Nuance, subtlety, context, a full and comprehensive understanding of these things allows for a depth of communication which is UTTERLY impossible without that understanding. Scientific discussion requires accurate understanding of terminology, and precise, nuanced language in order for a valuable and interesting exploration of the topic to come to pass.

Let us, for a moment, look upon the matter of street speak, in the same way as we look at the Klingon language from Star Trek. Although quite a few science fiction buffs can speak some Klingon, what few people realise is that although the Klingon language has words for things like disruptor pistol, knife, sword, photon torpedo and so on, it has no words for normal things, like automobiles, banking services, payroll department, or street maps. There is nothing wrong therefore with learning the language, but there is something wrong with using it in the wrong context, and/or company.

Without nuance and understanding of vocabulary of a high standard, certain concepts cannot even be grasped, and discussions of merit on topics pertaining to those concepts are impossible therefore.
a reply to: TrueBrit

While I admire your ability to stretch one tiny thought (they can't speak science) into a whole essay, I would like to point out the title of the thread, and that is

"Black/Urban English? Is the inability to speak correctly contributeing to unemployment?"

And then to my posts, which were on topic.


Next I would like to point out that, as I've said before, the English language is not an effective language. As demonstrated above, people who wasted their lives studying it usually feel the need to waste other peoples time when speaking it, throwing unnecessary words around like they are browsing the dictionary. I appreciate the thesaurus entry on (n) Details, but is it really necessary? No, and that's my point.

"PROPER English? Is the ability to speak correctly overrated?"
edit on 24-10-2015 by mikemars261 because: missing quote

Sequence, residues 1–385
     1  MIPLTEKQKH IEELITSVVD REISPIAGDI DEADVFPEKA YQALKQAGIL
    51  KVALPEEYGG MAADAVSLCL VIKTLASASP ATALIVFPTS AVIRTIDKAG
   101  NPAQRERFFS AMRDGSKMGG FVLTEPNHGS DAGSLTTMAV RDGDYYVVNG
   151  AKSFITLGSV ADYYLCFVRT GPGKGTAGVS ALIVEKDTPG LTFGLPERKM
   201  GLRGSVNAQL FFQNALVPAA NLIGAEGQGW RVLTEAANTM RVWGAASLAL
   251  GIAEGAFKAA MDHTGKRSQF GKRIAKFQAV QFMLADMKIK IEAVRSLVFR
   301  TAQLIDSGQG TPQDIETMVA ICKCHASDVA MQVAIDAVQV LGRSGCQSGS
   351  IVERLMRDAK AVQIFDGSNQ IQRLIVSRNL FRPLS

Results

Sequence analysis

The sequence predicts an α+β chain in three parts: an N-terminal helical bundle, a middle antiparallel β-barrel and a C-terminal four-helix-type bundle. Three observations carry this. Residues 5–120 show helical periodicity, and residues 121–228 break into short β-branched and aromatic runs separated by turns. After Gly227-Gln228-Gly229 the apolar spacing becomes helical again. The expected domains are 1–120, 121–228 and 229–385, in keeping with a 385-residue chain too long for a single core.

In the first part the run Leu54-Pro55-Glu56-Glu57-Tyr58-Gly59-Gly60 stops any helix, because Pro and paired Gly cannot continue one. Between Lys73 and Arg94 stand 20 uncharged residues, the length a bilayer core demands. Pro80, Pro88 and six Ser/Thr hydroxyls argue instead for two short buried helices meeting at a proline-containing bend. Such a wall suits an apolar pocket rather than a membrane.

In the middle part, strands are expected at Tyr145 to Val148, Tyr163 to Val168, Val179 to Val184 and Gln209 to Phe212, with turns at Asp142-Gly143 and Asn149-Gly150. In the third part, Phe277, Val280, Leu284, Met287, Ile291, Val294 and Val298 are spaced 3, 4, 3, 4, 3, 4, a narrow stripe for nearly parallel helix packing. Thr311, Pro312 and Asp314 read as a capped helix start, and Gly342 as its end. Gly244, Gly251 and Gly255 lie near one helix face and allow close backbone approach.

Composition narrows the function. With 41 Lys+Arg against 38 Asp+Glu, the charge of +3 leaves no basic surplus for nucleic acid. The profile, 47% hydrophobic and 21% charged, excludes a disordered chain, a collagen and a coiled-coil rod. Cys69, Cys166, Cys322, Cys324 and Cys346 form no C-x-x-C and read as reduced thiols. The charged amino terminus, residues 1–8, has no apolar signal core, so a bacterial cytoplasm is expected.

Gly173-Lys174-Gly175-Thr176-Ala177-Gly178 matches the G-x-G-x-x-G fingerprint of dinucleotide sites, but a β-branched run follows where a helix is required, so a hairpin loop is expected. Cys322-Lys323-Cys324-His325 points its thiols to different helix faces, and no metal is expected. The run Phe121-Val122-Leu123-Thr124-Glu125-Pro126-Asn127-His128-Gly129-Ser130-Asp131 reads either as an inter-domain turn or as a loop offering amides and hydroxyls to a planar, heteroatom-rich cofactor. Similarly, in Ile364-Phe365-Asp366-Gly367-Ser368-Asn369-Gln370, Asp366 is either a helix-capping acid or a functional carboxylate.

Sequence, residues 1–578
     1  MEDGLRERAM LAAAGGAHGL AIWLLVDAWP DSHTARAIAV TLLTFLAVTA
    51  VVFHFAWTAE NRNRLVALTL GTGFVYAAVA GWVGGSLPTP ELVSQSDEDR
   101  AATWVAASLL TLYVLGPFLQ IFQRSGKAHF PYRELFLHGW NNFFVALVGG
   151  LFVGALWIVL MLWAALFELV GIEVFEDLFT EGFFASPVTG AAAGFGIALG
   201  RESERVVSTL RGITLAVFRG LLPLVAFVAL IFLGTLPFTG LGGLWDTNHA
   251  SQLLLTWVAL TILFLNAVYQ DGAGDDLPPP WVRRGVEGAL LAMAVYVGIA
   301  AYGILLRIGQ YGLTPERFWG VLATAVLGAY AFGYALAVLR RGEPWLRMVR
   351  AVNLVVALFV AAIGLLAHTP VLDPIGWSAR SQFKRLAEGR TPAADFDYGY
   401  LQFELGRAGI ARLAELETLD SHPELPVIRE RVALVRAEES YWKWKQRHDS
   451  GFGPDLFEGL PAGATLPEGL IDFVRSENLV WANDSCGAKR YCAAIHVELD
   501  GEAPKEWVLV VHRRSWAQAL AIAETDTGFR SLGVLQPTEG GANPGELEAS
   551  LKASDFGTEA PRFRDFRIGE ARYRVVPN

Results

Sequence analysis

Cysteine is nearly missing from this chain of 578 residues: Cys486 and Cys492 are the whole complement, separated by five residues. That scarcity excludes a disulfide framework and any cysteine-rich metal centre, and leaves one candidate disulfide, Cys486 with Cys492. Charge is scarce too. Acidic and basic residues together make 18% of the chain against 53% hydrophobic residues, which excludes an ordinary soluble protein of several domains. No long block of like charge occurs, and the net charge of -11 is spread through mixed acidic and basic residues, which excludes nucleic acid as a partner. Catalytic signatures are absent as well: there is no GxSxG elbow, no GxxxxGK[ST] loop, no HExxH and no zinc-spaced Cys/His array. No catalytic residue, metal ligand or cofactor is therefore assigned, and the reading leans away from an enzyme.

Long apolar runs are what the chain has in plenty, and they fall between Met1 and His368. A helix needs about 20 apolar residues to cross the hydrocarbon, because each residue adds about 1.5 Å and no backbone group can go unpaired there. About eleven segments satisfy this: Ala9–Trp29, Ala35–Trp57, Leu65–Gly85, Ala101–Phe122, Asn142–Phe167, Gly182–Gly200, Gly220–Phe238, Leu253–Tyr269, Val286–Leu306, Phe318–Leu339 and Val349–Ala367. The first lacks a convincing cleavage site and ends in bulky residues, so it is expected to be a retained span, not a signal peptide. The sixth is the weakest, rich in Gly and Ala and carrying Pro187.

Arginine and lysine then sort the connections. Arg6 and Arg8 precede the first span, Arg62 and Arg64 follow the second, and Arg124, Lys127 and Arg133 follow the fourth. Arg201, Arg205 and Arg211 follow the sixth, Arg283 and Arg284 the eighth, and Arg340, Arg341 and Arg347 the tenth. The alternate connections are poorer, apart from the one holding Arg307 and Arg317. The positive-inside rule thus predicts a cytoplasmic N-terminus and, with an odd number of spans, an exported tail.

posted on Oct, 24 2015 @ 03:34 AM
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originally posted by: FurvusRexCaeli

originally posted by: TheInhumanCentipede

It's bad enough that U.S. English dumbs down words in order to help the nation's uneducated plebe multitudes sound out words -- e.g., "sufur" (sulphur), "labor" (labour"), "skeptic" (sceptic) et al..

This is not dumbing down. It is a correction of linguistic accretions of questionable legitimacy. Sulfur is not derived from Greek, and the -ph- has no place in the word; -f- is attested in cognates and the parents of modern English. Labor is pure Latin; we spell it the same way educated people have for thousands of years. Skeptic is derived from Greek; sc- is an unnecessary Latinization.


I love this - it's the type of logic that I often employ myself, for example when I explain to my flabbergasted kids that in olden days the Earth was vastly overcrowded. My proof is simple, but unrefutable: - look - you have a father and a mother - and I have a father and a mother. That holds true for everybody, right? So, for each person walking this earth now, TWO had to walk the earth in the past. And to worsen matters: they in turns also had TWO parents! So, imagine how crowded our earth was 10.000 years ago..

A Skeptic, BTW is not a sceptic. A Skeptic has a religion, a sceptic is merely trying to apply logical thinking (and probably both will come to the wrong conclusions).



posted on Oct, 24 2015 @ 04:34 AM
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a reply to: mikemars261

Science is merely one example of a field in which it would be impossible to communicate effectively, without access to a certain level of vocabulary and attention to detail. Engineering of a high calibre is another, and the list actually goes on and on, and for the sake of brevity, I will not list them all. If people refuse to learn the English language, that refusal puts them at a massive disadvantage when dealing with the issue of gaining qualifications of merit, and even when it comes to gaining opportunities for further education, let alone getting gainfully employed afterward.

But more to the point, proper use of language allows for a depth of communication which is useful in all areas of life, from dealing with local government, to effectively communicating ones feelings to friends, family and lovers alike. Given that so much of human happiness revolves around our connections with other people, it is vital that our communications with those people are as densely packed with information and nuance as possible. The problems that are caused when people do not have words for the way they feel are many, and can be catastrophic in their outworking. Misunderstandings caused by an inability to be direct, concise, and at the same time provide accurate detail can also be dangerous to human life. A miscommunication between lovers can result in murder, and use of street speak during a call to the emergency services is not going to be as effective as clear diction, and the ability to be both precise and concise.

The existence of alternative parlance or dialect, even the existence of other languages is all very well and good, and I welcome that. Anything which promotes the privacy of the regular citizen, even coming up with entirely new phonetic systems or language uses to confuse the uninitiated, all entirely sensible. But they should never be the ONLY linguistic option available to an individual.